He reached the fork and slowed to a molasses crawl, eyeing the left, then the right, then the rearview mirror to make sure no one was bearing down on him. Then, he looked back at the roads, and sighed.
Left or right.
Paved forever or paved-giving-way-to-gravel-somewhere-further-down-the-lane.
Leaning North or spiraling South.
The decision was there, and it needed to be made.
And trundling towards the decision, he was no nearer to knowing which was the right way to go.
His gut told him right, just like he knew it would. There, far far far down the lane, probably in the middle of a busy work day, would be the man he admired, the man he aspired to be like. And then around the corner from where that busy busy man worked, would be a little store—a grocery store—where the wife of the busy man, along with three of the four tykes, would be snagging the supplies for a week’s worth of delicious meals.
A home lay down the right road, where the sky was clouding over like a cataract over the bright eye of the Sun. A home and familiar faces, and cozy spaces and pristine cases of memories frozen in frames, in albums, in yearbooks. In epitaphs.
And down that road is where he knew She was.
And remembering this, he looked over at the left lane, the long long paved one, and his brain did the thinking, sans gut.
There was a chance—down that long road alone—there was a chance that he could be, or find something divine, something classy or classic or neither or both. There was a chance at establishing a new norm, a new home, a family or a place to roam among the hills or beaches or cities—whatever might be waiting there.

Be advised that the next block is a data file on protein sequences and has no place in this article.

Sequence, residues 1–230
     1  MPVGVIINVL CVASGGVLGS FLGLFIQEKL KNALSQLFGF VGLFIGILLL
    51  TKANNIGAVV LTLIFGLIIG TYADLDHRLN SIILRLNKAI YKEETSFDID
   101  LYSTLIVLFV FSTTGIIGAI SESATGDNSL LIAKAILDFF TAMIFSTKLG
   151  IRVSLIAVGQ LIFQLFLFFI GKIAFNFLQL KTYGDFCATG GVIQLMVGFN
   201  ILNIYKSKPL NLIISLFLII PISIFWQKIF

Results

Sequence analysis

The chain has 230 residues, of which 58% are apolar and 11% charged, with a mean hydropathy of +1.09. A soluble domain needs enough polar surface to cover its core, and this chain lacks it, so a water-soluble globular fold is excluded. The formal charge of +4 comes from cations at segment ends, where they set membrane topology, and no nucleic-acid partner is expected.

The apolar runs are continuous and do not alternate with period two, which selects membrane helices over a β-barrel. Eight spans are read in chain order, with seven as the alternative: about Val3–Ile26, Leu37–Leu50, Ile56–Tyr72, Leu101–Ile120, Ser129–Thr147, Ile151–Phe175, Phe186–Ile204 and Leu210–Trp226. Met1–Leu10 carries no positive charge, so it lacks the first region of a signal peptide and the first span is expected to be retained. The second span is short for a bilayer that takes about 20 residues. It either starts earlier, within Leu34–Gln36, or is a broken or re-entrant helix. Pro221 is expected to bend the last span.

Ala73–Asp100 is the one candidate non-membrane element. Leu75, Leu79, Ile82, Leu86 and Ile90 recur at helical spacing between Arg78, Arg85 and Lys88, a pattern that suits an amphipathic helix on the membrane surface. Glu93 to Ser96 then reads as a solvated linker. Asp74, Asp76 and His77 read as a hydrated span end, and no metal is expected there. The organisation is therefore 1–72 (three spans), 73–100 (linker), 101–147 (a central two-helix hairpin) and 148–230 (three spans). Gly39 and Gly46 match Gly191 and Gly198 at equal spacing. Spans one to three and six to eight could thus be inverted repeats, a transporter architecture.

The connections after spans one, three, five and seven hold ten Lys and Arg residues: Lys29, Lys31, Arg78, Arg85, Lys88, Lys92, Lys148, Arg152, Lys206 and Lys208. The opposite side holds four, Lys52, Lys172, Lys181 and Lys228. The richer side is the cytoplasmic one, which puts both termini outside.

Yes, the possibility was real, and the possibility was wanted, and given the dents in the pickup he sat in and the tears in his clothing and the black eye that was deflating to a nauseous green, he knew that it was something that was needed.
But would it be there?
Therein chimed his gut, and gave him pause.
So he looked at the right road, and he remembered Her.
His hands left the steering wheel, while his eyes studied the face of the rear view mirror, for a sign of the coming dust of another traveler. But there was none. And transmission in drive, and foot off the brake, and hands off the wheel, he let the truck amble forward.
Slower than his hopes and far far faster than his apprehension.
Which would yield the best?
That which was known, or the path laden with questions?
He didn’t know, so he let the truck roll forward, and listened to the crickets hidden in the clumped and rotting roots of the crabgrass sing.
There was nothing to be done.
There was no guarantee, no warranty should he choose wrong, should something go wrong further down the line. There was nothing but a past ready to be made present and the fear that that sort of potential pain could yield. There was nothing but the clouded unknowing of a walkway of hopes that were based on dreams and pinned to air; their guarantees bright and flavourless.
“So which way to go?” he wondered.
And he thought on what the Voices, on what the leaders of thought and trend and hype and influence would say to him.
He smirked, knowing he’d not give any of them the time of day.
And he let the truck roll on, the fork, the decision fast approaching.